The Secret Garden, complete online version

First edition illustrated Children's Book By Frances Hodgson Burnett

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"You thought I was a native! You dared! You don't know anything about natives! They are not people — they're servants who must sa­laam to you. You know nothing about India. iYou know nothing about anything! "
She was in such a rage and felt so helpless be­fore the girl's simple stare, and somehow she sud­denly felt so horribly lonely and far away from everything she understood and which understood her, that she threw herself face downward on the pillows and burst into passionate sobbing. She sobbed so unrestrainedly that good-natured York­shire Martha was a little frightened and quite sorry for her. She went to the bed and bent over her.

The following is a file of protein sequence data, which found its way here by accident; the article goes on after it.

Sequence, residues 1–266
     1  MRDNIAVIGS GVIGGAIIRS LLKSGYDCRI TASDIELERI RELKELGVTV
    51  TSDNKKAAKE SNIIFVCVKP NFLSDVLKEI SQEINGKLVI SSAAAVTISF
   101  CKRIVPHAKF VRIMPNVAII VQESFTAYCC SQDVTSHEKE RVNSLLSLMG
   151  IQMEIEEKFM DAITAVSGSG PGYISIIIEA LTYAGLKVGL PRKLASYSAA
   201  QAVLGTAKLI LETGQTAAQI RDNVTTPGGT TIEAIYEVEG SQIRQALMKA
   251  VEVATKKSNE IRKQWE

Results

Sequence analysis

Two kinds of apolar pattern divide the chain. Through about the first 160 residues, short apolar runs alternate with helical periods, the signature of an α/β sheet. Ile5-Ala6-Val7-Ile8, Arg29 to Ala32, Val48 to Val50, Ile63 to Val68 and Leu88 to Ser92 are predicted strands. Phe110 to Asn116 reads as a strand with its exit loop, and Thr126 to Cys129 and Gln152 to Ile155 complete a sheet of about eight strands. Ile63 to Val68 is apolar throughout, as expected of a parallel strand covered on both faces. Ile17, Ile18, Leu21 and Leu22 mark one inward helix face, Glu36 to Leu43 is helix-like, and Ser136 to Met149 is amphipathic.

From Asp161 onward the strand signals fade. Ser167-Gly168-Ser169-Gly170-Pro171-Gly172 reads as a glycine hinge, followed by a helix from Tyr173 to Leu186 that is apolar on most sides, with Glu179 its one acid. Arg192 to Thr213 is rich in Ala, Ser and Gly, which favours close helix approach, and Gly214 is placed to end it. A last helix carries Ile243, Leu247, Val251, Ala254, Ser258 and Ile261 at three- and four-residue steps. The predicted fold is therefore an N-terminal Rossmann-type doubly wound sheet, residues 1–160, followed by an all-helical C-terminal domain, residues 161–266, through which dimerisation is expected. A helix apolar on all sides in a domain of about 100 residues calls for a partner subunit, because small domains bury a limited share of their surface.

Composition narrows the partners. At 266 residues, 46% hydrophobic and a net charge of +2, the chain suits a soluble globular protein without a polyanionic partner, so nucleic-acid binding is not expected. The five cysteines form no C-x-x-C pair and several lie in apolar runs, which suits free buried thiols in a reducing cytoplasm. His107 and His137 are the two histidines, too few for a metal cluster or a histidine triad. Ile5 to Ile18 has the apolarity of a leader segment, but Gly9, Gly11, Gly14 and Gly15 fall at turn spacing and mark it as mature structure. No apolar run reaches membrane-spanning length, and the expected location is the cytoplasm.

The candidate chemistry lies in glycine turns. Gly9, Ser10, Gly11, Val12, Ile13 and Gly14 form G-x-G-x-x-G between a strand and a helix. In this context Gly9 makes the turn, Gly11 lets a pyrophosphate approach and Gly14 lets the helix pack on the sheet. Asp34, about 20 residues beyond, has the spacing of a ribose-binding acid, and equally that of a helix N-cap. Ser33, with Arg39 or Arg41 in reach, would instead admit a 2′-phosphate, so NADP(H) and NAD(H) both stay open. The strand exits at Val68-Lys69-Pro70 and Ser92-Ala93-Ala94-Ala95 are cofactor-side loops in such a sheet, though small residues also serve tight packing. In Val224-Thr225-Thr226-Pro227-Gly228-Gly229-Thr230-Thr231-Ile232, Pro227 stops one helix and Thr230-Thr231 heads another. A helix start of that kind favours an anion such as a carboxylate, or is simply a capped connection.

"Eh! you mustn't cry like that there!" she begged. " You mustn't for sure. I didn't know you'd be vexed. I don't know anythin' about any-thin'— just like you said. I beg your pardon, Miss. Do stop cryin'."
There was something comforting and really friendly in her queer Yorkshire speech and sturdy way which had a good effect on Mary. She grad­ually ceased crying and became quiet. Martha looked relieved.
" It's time for thee to get up now," she said. " Mrs. Medlock said I was to carry tha' break­fast an' tea an' dinner into th' room next to this.